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Local and regional seismic response to injection and production at the Salton Sea geothermal field, southern California

Lia J. Lajoie, & Emily E. Brodsky

Published 2011, SCEC Contribution #1605

California hosts both the largest geothermal resource capacity and highest seismicity rate in the nation. With plans to increase geothermal output, and proven earthquake triggering in the vicinity of geothermal power plants worldwide, it is important to determine the local and regional effects of geothermal power production. This study focuses on relating the volume of fluid extracted from and re-injected into wells at the Salton Sea geothermal field (SSGF) in Southern California to local seismicity rate and increased probability of larger events on nearby faults such as the San Andreas and Imperial faults. Seismic data is obtained from the publicly available Advanced National Seismic System (ANSS) catalog and SSGF injection and production data from the State of California Department of Conservation. We identify triggered earthquakes in the catalog by modeling seismicity in a 15km radius around the SSGF according to an Epidemic-Type Aftershock Sequence (ETAS) method. The model seeks to fit the cumulative seismicity curve from our dataset by optimizing five seismic parameters in accordance with Gutenberg-Richter and Omori's law. The modeled curve is then removed from the dataset to isolate the non-ETAS, or production-triggered, signal. We then formulate a constitutive law to relate the seismicity rate to the driving stress (i.e. volumetric strain in the reservoir). Defining the local stressing rate provides a tool for predicting the effects that production has on regional seismicity rates.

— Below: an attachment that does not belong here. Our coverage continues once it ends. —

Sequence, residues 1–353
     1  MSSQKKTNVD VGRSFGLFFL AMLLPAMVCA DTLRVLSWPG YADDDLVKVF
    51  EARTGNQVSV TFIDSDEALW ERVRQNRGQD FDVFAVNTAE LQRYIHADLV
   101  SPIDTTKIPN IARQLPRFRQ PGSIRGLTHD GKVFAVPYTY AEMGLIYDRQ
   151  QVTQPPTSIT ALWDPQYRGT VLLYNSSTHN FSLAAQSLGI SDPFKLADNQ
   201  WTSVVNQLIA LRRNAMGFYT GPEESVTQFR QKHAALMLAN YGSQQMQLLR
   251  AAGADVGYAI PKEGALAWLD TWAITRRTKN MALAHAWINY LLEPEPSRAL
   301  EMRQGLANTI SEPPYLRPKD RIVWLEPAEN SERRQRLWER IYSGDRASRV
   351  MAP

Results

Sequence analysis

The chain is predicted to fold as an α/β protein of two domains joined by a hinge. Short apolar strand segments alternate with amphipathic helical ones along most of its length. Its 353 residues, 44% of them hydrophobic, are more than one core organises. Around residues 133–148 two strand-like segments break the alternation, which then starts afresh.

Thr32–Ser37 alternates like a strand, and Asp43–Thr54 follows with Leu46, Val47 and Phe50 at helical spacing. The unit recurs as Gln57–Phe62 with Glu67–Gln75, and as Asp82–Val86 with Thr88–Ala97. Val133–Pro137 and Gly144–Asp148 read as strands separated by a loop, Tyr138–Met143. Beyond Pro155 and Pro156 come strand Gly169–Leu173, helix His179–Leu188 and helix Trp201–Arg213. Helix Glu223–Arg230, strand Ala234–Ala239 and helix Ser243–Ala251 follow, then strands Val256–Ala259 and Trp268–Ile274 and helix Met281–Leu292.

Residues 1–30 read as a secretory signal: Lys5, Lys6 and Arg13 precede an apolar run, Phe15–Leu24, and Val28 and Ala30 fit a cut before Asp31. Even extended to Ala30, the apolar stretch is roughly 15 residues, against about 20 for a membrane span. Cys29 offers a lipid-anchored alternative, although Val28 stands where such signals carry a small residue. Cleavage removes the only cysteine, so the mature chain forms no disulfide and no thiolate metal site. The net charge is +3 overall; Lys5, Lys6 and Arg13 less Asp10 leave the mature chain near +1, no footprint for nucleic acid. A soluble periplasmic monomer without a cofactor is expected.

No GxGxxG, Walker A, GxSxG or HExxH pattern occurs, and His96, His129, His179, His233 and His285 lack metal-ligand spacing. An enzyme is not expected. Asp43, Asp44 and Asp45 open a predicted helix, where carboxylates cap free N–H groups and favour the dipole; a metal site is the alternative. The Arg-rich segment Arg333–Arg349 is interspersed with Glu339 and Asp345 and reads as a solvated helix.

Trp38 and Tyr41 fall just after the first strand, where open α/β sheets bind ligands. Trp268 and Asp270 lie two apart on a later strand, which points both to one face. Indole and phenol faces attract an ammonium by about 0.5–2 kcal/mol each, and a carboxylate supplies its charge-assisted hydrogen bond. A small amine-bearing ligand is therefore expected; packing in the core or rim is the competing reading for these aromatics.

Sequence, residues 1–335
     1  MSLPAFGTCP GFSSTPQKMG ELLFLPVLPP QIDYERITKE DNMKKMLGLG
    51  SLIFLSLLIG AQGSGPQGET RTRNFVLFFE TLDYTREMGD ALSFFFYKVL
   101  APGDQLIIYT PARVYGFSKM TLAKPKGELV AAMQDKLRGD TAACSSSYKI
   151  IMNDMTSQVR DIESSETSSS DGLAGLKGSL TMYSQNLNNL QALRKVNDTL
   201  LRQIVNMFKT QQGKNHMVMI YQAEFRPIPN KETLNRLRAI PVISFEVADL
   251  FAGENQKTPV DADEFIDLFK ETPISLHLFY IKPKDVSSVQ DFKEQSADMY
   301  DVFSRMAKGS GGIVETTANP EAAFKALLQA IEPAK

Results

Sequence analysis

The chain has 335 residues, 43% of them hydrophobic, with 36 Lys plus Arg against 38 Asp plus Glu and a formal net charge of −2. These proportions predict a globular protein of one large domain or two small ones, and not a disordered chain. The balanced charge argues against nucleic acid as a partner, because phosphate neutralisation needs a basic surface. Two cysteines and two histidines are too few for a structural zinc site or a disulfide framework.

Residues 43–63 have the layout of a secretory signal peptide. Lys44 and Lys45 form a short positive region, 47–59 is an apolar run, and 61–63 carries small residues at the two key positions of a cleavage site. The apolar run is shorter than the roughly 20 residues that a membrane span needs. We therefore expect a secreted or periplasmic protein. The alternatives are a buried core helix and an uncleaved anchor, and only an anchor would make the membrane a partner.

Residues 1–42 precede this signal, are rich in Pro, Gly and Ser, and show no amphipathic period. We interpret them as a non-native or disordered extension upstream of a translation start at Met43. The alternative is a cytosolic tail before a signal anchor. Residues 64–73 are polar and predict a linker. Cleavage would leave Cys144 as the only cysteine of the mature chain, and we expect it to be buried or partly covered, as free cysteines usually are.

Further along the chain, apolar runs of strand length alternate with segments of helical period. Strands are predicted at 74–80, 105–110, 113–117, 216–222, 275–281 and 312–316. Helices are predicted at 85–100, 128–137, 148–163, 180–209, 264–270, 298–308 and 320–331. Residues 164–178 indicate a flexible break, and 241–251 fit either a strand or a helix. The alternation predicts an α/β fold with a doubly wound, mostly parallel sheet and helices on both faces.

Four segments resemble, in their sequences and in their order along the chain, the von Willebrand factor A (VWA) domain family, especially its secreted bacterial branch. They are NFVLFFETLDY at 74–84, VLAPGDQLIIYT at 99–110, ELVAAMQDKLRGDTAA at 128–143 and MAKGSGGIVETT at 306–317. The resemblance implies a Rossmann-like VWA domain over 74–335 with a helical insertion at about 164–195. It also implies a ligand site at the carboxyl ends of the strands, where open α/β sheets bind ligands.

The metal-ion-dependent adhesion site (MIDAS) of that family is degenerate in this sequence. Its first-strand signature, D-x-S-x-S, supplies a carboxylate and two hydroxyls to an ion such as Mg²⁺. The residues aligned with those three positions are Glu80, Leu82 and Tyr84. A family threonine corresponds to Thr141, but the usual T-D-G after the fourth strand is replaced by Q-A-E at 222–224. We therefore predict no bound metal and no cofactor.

The largest spike in SSGF net production volume over the past 30 years is accompanied by the one of the largest increases in both seismicity rate and moment release within the geothermal field. This indicates a direct coupling between net fluid production volume (volume extracted minus volume re-injected) and seismicity rate and cumulative seismic moment in the field. Three dimensional plots of hypocentral earthquake locations show that seismicity is concentrated on an approximately NW-SE striking plane that dips shallowly to the west. Numerous inactive low angle normal faults with the same orientation have been mapped within and bounding the Salton Trough, suggesting the fault underlying the SSGF could be a reactivated detachment fault. Elevated seismicity rates on the detachment increases the probability of a larger earthquake on the fault that could directly trigger an event on the San Andreas fault.

Lajoie, L. J., & Brodsky, E. E. (2011). Local and regional seismic response to injection and production at the Salton Sea geothermal field, southern California. Presentation at AGU Fall Meeting 2011.